The data is clear that Worcester is seeing an unacceptable rise in the rates of sexually transmitted diseases and high rates of teen pregnancy. In response to this, the Worcester Impact on Sexual Health (WISH) task force was created with experienced professionals and organizations from our community who work with young people and understand the issues to be addressed. I will always turn to professionals such as WISH and to Worcester’s outstanding commissioner of Public Health for their recommendations for the right curriculum for our schools.

I also know from many conversations with students, and from my own children as graduates of the Worcester Public Schools, that the information currently provided is woefully inadequate and incomplete. The first issue to address is time and I am hopeful that the infusion of new state support for public education will give us the opportunity to expand time for health classes across several grades.

I support a curriculum that provides comprehensive, accurate, age-appropriate, and inclusive sexual education in our schools. I also support an opt-out provision for families to select, if they so desire. This is valuable information for these young people to have now and later in their lives. We cannot ignore the facts that are presented to us. The data supports the need for this comprehensive curriculum. The professionals working closest with these young people support it and the young people themselves have told us how important this information is to them.

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Molly McCullough:

I am fully supportive of a comprehensive sex Ed curriculum that encompasses topics such as consent, reproductive rights,  safe sex, sexual health, and one that is LGBTQ inclusive. It is our responsibility as committee members to work together with health educators, parents and community stakeholders to initiate a curriculum that is appropriate and comprehensive for the students in WPS. While the previous conversations on this topic became heated, I believe that we can all work together to right for our students and our community. And just like with any class, we have to have the right teachers teaching them so that students feel comfortable having conversations and asking questions.

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John Monfredo:

I support a sex-education model that is age and developmentally appropriate and one that will encourage parents not to opt out of the program.  We all know that this is an issue that needs to be addressed for according to the data there is a problem in our city with sexual transmitted diseases.  Thus, the schools will have to step up and be part of the solution.

Once we hear from the state on their guidelines this fall I would suggest that we move forward with a comprehensive sexual education model.  I would then suggest that students, parents and the community review the new curriculum at the end of the 2020 school year and make further recommendations.

Also, that this school year we do the following:

·        Health teachers and school leadership receive training to address the needs of our LBGTQ students by DESE to ensure the delivery of instructional support to all students…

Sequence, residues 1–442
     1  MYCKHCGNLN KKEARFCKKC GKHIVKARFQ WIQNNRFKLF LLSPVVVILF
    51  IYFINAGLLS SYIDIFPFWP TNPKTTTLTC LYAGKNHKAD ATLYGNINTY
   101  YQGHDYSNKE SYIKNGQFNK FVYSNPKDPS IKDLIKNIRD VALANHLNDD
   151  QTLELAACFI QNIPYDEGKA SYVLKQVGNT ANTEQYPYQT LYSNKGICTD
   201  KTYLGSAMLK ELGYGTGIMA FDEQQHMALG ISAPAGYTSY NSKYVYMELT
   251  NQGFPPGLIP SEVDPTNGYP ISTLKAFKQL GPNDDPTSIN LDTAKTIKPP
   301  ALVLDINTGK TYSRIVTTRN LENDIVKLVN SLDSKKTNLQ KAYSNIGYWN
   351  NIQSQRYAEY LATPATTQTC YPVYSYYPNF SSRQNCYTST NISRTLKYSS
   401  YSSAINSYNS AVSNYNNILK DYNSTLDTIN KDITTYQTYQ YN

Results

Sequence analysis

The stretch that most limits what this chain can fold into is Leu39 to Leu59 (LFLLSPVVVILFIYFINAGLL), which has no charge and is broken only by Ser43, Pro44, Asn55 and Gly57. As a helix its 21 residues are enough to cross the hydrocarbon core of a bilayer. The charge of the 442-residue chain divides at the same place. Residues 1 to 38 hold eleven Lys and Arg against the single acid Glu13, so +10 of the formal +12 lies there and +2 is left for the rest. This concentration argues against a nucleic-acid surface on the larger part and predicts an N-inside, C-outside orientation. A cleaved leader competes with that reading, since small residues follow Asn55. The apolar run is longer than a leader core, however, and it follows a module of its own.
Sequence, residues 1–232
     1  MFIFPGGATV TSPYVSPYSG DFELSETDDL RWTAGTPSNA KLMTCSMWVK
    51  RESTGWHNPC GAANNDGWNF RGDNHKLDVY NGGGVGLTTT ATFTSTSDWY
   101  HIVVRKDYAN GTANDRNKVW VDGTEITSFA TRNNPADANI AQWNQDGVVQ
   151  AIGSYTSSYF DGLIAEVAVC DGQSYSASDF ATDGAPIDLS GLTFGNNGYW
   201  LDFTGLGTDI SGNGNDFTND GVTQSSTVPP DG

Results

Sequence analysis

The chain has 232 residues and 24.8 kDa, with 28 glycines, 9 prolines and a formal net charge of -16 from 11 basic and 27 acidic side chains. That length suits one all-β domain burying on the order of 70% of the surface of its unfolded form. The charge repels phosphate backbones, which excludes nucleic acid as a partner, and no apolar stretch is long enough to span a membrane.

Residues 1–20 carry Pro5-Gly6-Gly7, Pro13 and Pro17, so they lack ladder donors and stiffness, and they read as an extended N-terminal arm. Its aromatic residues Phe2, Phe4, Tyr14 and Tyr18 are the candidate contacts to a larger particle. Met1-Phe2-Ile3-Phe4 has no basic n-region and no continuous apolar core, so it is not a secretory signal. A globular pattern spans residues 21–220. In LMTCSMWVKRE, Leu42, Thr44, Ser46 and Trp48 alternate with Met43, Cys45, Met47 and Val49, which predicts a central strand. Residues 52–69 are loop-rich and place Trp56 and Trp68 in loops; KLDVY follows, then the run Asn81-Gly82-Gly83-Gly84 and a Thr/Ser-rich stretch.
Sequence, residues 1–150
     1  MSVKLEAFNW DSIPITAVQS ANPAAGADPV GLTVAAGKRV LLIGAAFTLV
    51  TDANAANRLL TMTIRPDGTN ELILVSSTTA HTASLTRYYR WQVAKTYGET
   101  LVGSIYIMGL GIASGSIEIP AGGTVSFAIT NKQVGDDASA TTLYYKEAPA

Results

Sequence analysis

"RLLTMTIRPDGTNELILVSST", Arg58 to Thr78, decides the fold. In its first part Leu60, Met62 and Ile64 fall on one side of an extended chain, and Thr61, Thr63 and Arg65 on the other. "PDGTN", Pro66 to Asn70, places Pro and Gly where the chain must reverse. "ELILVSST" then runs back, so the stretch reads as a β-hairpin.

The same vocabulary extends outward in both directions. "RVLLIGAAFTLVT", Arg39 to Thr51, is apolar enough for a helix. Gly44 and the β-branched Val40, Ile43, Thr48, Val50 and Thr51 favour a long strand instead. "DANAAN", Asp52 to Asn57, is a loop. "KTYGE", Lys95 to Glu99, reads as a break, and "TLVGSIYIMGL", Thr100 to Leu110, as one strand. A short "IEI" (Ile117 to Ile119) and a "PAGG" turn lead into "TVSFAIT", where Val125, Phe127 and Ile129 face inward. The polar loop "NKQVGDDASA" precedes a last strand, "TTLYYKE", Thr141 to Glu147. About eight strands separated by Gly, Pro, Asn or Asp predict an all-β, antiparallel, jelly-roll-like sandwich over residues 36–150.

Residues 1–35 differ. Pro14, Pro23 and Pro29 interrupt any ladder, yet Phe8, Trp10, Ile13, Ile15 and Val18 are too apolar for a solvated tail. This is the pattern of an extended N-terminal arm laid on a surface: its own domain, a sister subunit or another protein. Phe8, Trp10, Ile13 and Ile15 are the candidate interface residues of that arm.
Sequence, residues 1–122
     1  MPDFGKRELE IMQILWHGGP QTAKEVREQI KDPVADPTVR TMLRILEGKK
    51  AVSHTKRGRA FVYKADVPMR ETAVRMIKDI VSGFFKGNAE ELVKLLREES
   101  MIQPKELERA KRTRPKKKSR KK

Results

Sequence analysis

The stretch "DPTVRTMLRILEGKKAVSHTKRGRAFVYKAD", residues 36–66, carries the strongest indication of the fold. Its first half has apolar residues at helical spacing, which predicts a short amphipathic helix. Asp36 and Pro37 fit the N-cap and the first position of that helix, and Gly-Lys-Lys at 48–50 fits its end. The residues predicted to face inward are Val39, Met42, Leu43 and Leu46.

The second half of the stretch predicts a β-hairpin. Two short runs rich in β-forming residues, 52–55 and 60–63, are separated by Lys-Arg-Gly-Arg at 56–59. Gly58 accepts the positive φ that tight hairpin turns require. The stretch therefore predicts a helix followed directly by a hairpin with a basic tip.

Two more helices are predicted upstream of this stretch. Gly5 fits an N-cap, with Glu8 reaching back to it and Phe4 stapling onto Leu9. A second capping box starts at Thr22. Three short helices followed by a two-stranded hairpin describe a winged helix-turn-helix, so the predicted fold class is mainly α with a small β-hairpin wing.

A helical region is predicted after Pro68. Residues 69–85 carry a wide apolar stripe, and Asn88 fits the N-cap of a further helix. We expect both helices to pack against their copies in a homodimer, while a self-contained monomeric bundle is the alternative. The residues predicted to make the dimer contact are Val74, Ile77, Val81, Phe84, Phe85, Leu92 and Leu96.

·        Expand access to health classes in grades 7-8 … I would like to see every student in grade nine and 10 be involved in a 10 week sex education course instead of it just being an elective course as it is at the present time in grade 9.   Those first two years of high school are pivotal times in the life of a teen.   The key component to the course has to be about safety, how to avoid sexual transmitted diseases, pregnancy, and respecting the rights of all individuals.

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Tracy Novick:

Since the Worcester School Committee never went through a full curricular evaluation process, being short-circuited by members who were deliberating outside of public sessions, I would begin by endorsing a public curricular process. This must be done appropriately with recommendations by public health educators and professionals, in public sessions, with a full vetting and deliberation in public by the Worcester School Committee.

In their 2014 policy statement, the American Public Health Association called on communities to
…implement effective sexuality education programs that are developmentally and culturally appropriate; foster equality and respect; support the elimination of health disparities, sexual assault, and intimate partner violence; and are based on sound science and proven principles of instruction.

Many, many communities in Massachusetts have long since done so. Worcester is an outlier in not having a comprehensive, evidence-based, inclusive, scientifically sound health curriculum including sex education for our students, and regrettably, we as a community are seeing the results of that lack. As the 2017 (revised) statement of National Association of School Nurses observed:

While teen pregnancy and birth rates in the United States continue to decline, rates remain higher than in other industrialized countries; and racial, ethnic and geographic disparities persist (Centers for Disease Control and Prevention [CDC], 2016a). In addition, the rates of sexually transmitted infections (STIs) are at an unprecedented high in the United States, and more than half of newly acquired infections occur among adolescents and young adults (CDC, 2016b).

The Department of Public Health has called it a public health emergency. We are doing harm to our young people by continuing to delay, deny, and obfuscate around this issue.